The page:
“Pure humor is the most difficult of all of comedy. Late night humor is funny because it is mean. It is relatively easy to be crude, cynical, and sarcastic. It comes naturally to our fallen natures to criticize, tease, mock, and scoff. It’s much harder to make people laugh by lifting others up.” —Dick Brogden, in his book Proverbs: Amplified and Applied, commenting on Proverbs 1:22

Thursdays With Spurgeon—Beware Of Grumblers

This is a weekly series with things I’m reading and pondering from Charles Spurgeon. You can read the original seed thought here, or type “Thursdays With Spurgeon” in the search box to read more entries.

Listen to the podcast of this post by clicking on the player below, and you can also subscribe on AppleSpotify, or Audible. 

Beware Of Grumblers 

     None is so wise as the man who knows nothing. His ignorance is the mother of his impudence and the nurse of his obstinacy; and though he does not know a bee from a bull’s foot, he settles matters as if all wisdom were at his fingers’ ends—the pope himself is not more infallible. Hear him talk after he has been at a meeting and heard a sermon, and you will know how to pull a good man to pieces if you never knew it before. He sees faults where there are none; and if there be a few things amiss, he makes every mouse into an elephant. … 

     Those who know nothing are confident in everything; hence they are bullheaded beyond measure. Every clock and even the sundial must be set according to their watches. … Venture to argue with them, and their little pots boil over in quick style; ask them for a reason, and you might as well go to a sandpit for sugar. … 

     Faultfinding is dreadfully catching: One dog will set a whole kennel howling, and the wisest course is to keep out of the way of a man who has the complaint called the grumbles. … Dogs, however, always will bark; and what is worse, some of them will bite, too. But let decent people do all they can, if not to muzzle them, yet to prevent them from doing any great mischief.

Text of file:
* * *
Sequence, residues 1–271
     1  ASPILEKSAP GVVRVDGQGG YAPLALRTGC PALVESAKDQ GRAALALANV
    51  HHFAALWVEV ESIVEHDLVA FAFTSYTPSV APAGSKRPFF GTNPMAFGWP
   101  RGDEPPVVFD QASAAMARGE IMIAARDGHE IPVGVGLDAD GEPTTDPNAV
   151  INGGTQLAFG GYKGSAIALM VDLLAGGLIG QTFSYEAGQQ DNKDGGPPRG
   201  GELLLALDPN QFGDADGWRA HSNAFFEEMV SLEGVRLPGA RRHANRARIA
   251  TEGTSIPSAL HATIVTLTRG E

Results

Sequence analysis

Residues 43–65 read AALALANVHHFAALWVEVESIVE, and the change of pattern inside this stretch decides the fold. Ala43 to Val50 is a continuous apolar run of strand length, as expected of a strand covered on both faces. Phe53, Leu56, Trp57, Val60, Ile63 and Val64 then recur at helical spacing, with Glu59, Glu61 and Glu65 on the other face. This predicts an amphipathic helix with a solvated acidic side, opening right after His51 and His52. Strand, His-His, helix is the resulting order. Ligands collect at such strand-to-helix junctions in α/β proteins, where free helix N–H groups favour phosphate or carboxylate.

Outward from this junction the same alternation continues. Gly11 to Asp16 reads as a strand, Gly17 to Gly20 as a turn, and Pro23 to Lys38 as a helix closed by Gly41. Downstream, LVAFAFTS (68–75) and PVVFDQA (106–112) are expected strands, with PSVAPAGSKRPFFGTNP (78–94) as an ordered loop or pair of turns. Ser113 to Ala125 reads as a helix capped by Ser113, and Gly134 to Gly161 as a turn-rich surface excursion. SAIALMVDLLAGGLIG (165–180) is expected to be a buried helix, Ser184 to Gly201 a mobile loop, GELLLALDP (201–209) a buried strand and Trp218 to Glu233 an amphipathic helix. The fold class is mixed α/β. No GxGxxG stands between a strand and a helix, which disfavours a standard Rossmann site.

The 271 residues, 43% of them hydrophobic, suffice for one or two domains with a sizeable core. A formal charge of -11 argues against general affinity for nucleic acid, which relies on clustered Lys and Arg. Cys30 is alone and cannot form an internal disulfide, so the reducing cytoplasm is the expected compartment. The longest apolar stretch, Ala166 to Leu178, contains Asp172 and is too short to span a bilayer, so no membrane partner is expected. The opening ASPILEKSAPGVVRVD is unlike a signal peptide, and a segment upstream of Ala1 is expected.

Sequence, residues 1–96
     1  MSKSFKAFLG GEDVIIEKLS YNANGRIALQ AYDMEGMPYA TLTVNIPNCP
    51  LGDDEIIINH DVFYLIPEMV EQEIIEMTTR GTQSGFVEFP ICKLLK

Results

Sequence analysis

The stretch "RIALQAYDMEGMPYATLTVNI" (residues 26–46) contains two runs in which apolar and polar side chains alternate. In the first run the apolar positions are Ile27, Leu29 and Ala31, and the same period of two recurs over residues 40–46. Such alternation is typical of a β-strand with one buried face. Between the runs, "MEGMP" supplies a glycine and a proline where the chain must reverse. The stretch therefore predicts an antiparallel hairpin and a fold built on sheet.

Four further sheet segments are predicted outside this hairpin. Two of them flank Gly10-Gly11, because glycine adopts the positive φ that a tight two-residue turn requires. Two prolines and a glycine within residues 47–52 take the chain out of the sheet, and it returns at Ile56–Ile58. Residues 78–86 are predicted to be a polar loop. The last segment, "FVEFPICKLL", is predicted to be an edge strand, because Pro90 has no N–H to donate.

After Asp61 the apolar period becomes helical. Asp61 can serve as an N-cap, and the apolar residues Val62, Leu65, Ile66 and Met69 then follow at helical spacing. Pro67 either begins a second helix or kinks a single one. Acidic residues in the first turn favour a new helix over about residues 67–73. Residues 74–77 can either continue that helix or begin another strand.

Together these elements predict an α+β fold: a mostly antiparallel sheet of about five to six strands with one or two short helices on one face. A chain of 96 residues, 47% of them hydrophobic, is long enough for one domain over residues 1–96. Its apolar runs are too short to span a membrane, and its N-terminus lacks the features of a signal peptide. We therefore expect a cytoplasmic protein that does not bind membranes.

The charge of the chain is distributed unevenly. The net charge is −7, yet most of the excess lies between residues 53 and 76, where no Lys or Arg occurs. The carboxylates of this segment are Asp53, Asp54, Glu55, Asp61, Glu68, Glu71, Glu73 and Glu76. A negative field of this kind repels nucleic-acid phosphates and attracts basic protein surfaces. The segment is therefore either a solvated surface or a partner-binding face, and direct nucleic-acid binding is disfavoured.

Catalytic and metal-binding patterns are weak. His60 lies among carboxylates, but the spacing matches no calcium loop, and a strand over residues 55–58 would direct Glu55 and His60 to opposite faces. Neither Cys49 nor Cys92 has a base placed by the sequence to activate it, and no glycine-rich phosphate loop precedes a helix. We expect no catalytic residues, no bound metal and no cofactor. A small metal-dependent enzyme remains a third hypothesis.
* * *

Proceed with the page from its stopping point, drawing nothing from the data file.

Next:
From John Ploughman’s Talks of Plain Advice For Plain People

Charles Spurgeon—the prince of preachers—could also use a sarcastic tone to a great effect when it was needed! This whole book was supposed to be a sort of “shop talk” to the everyday working man. These are not flowery sermons, but straight-shooting for decent people. 

I have just completed a short series of messages on the distinct ways grateful people stand out from the crowd. But isn’t it just as true that those who constantly grumble about anything and everything also stand out from the crowd? 

Spurgeon was right that grumbling and faultfinding are dreadfully catching! King Solomon says that we waste our time trying to reason with such foolish people who believe themselves to be smarter than the rest of us. So Solomon’s advice is to simply leave them alone. 

Indeed, the best way to avoid catching the contagion of grumbling is to stay away from grumblers. If you have the misfortune of living with a grumbler or perhaps working next to a grumbler, the best way to “walk away” is to simply not engage in their faultfinding “barking.” Maybe you could even answer their complaint by pointing out something for which you are grateful.